Plantation Society in the Americas
A significant journal in the field of slavery studies. The Brown University Library holds Volumes 1(1979) through 6 (1999); publication has since been suspended.
» HN50 .P57

Internet Resources:

  • Captive Passage
    A digital resource on the Transatlantic slave trade and its importance for the making of America. From the Mariner's Museum (Newport News, Virginia), in cooperation with the South Side Seaport Museum (New York City) and the National Museums & Galleries on Merseyside (Liverpool, UK).

  • Citizens All: African Americans in Connecticut
    A project of the Gilder Lehrman Center at Yale, this site "provides a scholarly introduction to the history of slavery in Connecticut, the process of gradual emancipation, and the struggle for citizenship rights by free blacks and abolitionists both within and beyond the state's boundaries. "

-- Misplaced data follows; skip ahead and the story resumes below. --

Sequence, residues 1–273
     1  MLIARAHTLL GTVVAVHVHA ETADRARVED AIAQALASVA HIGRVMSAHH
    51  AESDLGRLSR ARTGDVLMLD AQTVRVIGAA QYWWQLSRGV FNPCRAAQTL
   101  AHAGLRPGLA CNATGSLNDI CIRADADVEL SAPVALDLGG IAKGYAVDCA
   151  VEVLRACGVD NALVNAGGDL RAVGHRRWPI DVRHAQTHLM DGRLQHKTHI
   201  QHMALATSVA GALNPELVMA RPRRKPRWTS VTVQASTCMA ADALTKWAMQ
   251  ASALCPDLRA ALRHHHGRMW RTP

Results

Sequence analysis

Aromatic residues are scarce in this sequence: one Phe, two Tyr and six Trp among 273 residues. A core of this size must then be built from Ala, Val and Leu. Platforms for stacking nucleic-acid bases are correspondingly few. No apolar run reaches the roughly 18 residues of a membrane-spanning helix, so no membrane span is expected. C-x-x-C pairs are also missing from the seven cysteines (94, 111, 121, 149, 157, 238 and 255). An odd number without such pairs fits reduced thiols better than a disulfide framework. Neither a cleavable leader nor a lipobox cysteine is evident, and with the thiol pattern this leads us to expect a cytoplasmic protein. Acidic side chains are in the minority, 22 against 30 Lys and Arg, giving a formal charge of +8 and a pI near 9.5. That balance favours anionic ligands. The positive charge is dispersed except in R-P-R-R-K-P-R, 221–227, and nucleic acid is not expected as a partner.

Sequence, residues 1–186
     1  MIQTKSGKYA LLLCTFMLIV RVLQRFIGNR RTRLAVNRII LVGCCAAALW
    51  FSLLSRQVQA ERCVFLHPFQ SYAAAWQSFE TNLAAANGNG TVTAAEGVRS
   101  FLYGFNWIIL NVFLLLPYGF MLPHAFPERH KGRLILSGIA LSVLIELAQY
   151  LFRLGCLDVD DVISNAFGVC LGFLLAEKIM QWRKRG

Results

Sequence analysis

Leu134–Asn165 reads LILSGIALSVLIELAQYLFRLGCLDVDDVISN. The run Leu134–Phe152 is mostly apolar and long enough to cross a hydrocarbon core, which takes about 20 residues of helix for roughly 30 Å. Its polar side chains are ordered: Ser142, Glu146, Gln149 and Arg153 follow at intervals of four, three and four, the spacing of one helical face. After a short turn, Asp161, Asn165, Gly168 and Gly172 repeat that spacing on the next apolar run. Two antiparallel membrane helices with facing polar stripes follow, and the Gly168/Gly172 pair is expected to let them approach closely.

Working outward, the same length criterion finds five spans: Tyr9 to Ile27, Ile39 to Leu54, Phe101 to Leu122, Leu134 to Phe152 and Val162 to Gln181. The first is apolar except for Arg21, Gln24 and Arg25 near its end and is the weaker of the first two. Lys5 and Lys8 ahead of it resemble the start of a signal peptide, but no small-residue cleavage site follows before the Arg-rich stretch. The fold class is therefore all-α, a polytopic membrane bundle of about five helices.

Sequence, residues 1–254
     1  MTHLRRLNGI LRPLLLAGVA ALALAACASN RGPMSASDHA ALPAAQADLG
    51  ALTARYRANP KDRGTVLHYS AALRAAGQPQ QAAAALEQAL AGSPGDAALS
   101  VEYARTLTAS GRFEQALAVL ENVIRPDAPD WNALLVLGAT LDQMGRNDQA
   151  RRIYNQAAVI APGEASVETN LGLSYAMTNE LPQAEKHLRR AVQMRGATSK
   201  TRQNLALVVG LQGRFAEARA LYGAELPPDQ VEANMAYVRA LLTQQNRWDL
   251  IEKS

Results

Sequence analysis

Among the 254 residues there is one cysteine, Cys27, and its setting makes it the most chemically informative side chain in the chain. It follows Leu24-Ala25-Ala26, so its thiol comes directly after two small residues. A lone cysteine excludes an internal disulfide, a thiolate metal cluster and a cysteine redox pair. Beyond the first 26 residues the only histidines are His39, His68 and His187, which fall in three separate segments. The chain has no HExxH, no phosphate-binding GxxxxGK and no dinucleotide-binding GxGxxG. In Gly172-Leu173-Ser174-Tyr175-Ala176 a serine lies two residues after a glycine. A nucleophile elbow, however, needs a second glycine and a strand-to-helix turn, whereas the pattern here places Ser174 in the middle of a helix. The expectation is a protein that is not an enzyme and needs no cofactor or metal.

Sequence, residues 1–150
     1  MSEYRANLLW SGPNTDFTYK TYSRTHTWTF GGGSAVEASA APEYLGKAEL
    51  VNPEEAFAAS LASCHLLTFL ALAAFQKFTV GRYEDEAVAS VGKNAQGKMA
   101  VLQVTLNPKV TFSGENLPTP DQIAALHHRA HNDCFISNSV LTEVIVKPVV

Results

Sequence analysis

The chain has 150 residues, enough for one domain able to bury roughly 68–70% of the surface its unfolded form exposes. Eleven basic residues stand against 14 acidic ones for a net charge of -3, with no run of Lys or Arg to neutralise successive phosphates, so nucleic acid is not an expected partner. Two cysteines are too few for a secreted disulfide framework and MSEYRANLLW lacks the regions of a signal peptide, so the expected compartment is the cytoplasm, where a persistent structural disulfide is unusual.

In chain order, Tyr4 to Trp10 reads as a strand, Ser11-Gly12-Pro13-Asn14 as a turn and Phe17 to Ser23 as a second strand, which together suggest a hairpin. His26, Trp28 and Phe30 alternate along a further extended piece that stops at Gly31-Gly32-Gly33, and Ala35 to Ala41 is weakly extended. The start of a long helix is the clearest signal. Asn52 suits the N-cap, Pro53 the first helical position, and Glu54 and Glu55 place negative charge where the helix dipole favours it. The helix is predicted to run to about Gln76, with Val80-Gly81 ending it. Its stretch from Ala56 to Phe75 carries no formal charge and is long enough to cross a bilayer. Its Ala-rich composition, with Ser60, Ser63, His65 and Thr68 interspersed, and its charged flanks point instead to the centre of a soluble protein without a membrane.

• Francophone Slavery
    A set of resources on slavery in the France and its colonies, focusing on the 18th and 19th centuries. Includes materials by Black authors from Haiti and elsewhere in the francophone world, as well as visual images. Hosted at the University of Georgia.

  • From Slavery to Freedom: The African American Pamphlet Collection
    A selection of pamphlets by African American authors and others published between 1822 and 1909, and found in the collections of the Rare Book Division of the Library of Congress. Part of the Library's American Memory Project.

  • Liverpool Slavery Trail
    An interactive map of Liverpool, showing sites linked to the trade in African slaves by Liverpool merchants. Clicking on any of the dots provides further information on that site. Mounted by the Merseyside Maritime Museum (Liverpool).